When President Bush II left the White House in 2009, the 13 U.S. courts of appeal were firmly under Republican appointees’ control. Ten appeals courts had majority GOP judges, two were evenly split and only one had a majority of Democrats.
President Obama’s 49 appeals court appointees have dramatically altered the landscape. As of the Senate’s recess on May 23, nine of those courts had majority Democratic appointees and four had Republican majorities. (There are 10 vacancies in the circuit courts. One Obama nominee is awaiting a Senate vote and three nominees pending in the Senate Judiciary Committee.)
The change, much feared by Republicans, is not necessarily shocking. But the transformation, in just 5 1/2 years, said University of Pittsburgh law professor Arthur D. Hellman, an authority on the federal circuit courts, marks “a huge shift in a very short period of time.”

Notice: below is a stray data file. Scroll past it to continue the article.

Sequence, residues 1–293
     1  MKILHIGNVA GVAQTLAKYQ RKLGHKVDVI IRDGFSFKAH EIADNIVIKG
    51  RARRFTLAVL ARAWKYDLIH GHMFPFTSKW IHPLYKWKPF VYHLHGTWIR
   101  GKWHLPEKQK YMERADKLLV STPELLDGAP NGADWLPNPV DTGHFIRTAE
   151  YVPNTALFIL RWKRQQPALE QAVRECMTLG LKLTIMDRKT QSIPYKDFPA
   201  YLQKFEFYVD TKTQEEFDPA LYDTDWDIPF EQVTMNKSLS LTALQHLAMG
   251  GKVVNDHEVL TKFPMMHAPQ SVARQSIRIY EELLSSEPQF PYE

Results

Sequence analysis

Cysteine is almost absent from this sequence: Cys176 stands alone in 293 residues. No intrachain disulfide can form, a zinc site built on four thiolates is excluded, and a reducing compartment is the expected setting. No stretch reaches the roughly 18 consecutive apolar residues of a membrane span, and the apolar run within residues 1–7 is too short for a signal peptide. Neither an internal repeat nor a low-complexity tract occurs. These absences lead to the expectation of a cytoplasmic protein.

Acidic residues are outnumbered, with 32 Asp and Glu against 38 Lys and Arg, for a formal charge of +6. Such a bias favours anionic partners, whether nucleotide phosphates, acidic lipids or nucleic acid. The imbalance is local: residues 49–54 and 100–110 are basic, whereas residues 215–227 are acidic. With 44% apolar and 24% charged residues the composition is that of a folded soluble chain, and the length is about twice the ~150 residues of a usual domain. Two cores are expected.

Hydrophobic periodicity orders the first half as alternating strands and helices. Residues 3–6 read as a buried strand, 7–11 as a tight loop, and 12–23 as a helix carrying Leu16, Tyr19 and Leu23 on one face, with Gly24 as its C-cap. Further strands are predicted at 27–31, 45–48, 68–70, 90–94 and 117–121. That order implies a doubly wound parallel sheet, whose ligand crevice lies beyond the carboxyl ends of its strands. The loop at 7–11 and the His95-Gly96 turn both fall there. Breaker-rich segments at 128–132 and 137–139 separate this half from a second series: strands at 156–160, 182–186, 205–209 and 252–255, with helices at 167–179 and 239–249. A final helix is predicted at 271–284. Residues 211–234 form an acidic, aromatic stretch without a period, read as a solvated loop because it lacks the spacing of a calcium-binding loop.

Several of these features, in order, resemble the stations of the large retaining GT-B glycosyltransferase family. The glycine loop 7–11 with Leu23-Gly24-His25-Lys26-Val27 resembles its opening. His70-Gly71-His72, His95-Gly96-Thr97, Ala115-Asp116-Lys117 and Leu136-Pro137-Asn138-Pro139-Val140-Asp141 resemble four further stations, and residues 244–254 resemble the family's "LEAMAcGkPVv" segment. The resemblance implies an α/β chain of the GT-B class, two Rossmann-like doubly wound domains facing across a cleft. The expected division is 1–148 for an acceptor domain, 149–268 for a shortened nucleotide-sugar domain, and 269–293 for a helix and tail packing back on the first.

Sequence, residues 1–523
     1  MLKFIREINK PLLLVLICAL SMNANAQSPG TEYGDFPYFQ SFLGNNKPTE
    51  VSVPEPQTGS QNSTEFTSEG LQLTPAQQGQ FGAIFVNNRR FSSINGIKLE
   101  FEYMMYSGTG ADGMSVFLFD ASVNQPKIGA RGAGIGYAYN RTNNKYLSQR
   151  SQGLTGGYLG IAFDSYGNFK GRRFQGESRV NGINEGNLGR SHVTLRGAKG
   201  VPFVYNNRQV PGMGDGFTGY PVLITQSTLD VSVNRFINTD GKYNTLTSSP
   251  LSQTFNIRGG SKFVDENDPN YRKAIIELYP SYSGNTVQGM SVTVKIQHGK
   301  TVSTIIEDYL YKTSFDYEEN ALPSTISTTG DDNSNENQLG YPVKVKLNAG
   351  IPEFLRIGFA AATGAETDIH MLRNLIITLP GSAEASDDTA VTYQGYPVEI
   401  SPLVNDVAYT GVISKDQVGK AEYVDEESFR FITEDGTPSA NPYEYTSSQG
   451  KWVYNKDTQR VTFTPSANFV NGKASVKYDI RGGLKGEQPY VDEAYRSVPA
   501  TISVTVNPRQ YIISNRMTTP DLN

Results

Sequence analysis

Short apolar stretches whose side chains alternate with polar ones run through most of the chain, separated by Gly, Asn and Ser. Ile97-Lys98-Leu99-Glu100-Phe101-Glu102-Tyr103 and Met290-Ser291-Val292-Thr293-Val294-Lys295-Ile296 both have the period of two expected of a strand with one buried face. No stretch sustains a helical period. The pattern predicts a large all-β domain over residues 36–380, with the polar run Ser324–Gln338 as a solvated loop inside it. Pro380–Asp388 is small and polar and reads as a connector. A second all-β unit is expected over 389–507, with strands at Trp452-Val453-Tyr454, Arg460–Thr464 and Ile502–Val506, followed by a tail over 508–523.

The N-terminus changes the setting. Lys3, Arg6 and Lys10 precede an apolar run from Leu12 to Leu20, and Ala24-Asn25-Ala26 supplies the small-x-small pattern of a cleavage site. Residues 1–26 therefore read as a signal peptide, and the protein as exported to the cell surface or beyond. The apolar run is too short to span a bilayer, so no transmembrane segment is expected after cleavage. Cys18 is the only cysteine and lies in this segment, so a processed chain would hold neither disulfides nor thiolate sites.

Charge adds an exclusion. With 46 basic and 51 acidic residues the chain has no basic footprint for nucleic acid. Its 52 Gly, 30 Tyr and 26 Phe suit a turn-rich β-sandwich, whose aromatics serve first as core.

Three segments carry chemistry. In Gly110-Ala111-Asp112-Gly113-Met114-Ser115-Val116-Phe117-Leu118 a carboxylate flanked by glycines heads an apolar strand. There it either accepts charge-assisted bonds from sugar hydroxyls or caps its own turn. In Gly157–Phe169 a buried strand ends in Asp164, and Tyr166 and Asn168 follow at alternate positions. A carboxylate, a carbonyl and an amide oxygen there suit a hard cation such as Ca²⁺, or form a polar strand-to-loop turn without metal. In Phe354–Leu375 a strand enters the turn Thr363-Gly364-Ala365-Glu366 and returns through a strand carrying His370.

And it means that Democratic appointed judges “have the ability to control every important case if they wish to” in those nine circuits, he said.
The reason that’s important is because those courts are often the courts of last resort, he said, since the Supreme Court rules only in about 75 cases a year and has not weighed in many areas, including issues of import to business or the First Amendment rights of student internet expression. The appeals courts, in contrast, issue thousands of opinions a year.
Until the high court speaks, “the law that counts is the law of the circuit,” he said.